Vendors may love to 'partner' but new research shows that IT users have a roving eye and lack loyalty to any single supplier.
A survey of 2259 IT professionals by Walker Information found fewer than half of IT users are truly loyal customers who want to continue to do business with their IT suppliers.
Fear of vendor lock-in has made end users commitment shy with Sydney-based automotive distributor Inchcape Motors, which is primarily a Microsoft and IBM shop, claiming lack of choice compounds the problem.
Inchcape network systems administrator Amir Parsinejad said the company did not regard its relationship with Microsoft or IBM as "particularly heavy", but will remain "loyal" through lack of choice.
"We have a hell of a lot of an investment with them -- in the millions -- and I see us continuing to be a long-time Microsoft customer in particular, because there is no real alternative, nor could our company offer its own clients and users the level of service we provide through Office 2000 or Exchange Server 2000," Parsinejad said.
He said the customer will only be satisfied with a vendor if the vendor looks after the client's exact needs.
"A good vendor will listen to you not as a generic company but one with specific issues and a specific business to run; their ability to see this is the clincher," he said.
Fewer than half of the respondents -- 47 per cent -- indicated a desire to continue doing business with their current suppliers, while 29 per cent felt trapped in that business relationship, and 21 per cent said they plan to dump the vendor for someone else.
A former technical sales executive with CSC Australia and now an independent consultant said he was surprised by the findings.
"You only have to look at the deployment rates for big enterprise software or hardware rollouts at the moment to see that most companies do not have the money to chop and change as they please; things like large-scale migration or upgrade projects can be very expensive exercises."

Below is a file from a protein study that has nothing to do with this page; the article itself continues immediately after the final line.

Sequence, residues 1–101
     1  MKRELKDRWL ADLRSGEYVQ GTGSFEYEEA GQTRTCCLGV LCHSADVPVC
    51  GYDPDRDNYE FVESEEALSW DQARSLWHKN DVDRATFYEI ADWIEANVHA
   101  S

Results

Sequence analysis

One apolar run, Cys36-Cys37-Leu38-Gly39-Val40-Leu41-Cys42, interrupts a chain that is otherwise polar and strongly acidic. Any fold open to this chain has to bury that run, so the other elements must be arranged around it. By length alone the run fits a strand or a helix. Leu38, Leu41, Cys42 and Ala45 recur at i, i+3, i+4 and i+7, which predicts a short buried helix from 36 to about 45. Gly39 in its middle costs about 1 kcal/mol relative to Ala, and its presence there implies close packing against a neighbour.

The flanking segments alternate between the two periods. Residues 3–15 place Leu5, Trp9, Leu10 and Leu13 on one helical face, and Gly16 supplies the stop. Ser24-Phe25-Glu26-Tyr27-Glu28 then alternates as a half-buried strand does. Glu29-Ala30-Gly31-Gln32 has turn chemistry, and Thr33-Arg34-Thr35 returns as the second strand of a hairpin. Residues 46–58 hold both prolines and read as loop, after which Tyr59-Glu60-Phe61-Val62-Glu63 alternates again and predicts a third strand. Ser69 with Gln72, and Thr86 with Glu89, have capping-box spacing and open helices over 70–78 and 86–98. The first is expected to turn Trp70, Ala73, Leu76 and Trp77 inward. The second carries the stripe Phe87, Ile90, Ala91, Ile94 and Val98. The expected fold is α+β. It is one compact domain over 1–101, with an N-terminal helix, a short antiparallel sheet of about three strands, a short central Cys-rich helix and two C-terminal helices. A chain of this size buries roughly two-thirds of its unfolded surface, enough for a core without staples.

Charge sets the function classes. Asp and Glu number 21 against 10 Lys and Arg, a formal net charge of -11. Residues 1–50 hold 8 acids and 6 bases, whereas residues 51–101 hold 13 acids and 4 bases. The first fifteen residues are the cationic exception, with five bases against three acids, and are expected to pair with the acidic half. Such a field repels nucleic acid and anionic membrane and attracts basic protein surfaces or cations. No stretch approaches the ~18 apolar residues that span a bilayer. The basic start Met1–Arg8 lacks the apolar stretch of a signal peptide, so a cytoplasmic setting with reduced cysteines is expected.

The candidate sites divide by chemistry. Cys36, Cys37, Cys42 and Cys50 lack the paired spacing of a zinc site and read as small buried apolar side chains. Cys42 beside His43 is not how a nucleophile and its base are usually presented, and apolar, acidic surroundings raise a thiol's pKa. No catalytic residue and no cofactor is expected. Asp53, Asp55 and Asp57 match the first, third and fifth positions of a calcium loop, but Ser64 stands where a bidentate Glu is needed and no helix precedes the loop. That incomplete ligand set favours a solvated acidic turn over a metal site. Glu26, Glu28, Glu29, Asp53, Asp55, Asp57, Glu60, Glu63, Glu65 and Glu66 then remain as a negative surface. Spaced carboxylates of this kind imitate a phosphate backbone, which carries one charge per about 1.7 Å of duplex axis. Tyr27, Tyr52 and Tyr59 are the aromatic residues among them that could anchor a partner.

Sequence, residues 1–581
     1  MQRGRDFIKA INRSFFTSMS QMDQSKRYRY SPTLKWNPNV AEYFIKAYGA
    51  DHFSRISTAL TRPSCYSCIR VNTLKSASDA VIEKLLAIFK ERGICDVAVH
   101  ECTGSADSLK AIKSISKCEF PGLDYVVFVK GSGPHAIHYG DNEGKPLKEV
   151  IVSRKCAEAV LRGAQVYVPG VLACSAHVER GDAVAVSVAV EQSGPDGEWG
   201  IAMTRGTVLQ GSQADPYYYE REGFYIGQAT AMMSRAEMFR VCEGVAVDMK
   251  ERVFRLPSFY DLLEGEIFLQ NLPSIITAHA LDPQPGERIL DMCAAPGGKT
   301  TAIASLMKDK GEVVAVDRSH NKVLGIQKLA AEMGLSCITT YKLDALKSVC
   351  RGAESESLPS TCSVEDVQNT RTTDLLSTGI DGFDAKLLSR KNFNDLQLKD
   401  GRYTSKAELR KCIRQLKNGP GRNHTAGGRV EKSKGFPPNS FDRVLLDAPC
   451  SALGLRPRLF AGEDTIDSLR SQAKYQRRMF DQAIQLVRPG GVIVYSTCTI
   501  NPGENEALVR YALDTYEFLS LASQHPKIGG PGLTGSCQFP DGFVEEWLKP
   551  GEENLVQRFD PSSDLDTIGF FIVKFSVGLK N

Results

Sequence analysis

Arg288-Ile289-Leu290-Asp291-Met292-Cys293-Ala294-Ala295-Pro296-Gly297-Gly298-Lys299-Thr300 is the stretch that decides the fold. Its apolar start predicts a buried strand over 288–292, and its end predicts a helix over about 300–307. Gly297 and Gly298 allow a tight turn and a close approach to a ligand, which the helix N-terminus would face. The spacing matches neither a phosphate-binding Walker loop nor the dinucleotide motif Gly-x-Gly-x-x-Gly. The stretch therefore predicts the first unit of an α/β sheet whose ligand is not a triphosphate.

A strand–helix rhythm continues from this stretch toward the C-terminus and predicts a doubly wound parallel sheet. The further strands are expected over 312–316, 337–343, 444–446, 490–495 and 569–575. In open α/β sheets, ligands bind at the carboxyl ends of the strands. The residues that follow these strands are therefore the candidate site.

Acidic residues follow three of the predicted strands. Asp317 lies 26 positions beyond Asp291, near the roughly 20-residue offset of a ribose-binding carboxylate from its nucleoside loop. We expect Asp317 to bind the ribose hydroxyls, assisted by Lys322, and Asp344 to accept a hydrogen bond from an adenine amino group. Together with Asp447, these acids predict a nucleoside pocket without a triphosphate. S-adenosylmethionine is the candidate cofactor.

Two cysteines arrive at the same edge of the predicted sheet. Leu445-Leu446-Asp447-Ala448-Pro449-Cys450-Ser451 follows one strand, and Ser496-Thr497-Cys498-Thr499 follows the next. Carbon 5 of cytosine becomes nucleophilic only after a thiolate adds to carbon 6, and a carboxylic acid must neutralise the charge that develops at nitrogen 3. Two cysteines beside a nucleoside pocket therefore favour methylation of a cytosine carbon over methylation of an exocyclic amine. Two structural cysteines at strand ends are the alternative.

However, he agreed that clients eventually faced the dilemma of vendor lock-in, saying: "Customers often find they're trapped from a practical perspective in that regardless of what their deployment cycle is, they don't want to have to redesign their standard operating environment, for example, to make room for a new vendor."
The consultant said overall customer satisfaction depends on the client's level of trust with the supplier. "People buy from people, and they want to buy from someone they're confident with."
The research did note some differences among the IT product sectors. Software vendors may have a real challenge improving relationships with their customers: their products are seen as having erected more barriers that keep users from switching vendors; also, software costs were rated most burdensome.
Networking equipment suppliers won the highest ratings for quality and value.
The former CSC executive empathised with users' uneasiness over dealings with software companies, calling Microsoft and Oracle's licensing schemes, "an absolute bitch to understand", because they were so complex.
He believes it is the "end losers" within organisations who experience such grief.
"I think all users tend to have problems with software vendors, particularly with usability issues. We're only comfortable with what we know."
Gartner analyst for IT trends Asia-Pacific region, Daniel McHugh argues that in the current climate there is no real loyalty to any particular vendor. "With the downturn, people have looked more closely at their IT spending, and if you can save money and get the same efficiency from another vendor or partner, people will switch," he said.
For commodity IT goods in particular -- hardware, network infrastructure and telecommunications -- companies have low switching costs and will move if they or their service provider wants to, he said.
"If I was EDS and was going into an account with Sun [products] but I had a better relationship with HP, then I might start putting in HP kit at a cheaper price into the clients' IT department."
"If the client has loyalty with EDS, they don't care about the hardware."
The companies evaluated included Microsoft, Hewlett-Packard, IBM, Cisco Systems, Sun Microsystems, Dell Computer, Oracle, 3Com, Adobe Systems and Seagate Technology. Walker Information VP Marc Drizen declined to disclose a breakdown on customer satisfaction and loyalty levels for specific vendors. - - With Elizabeth Heichler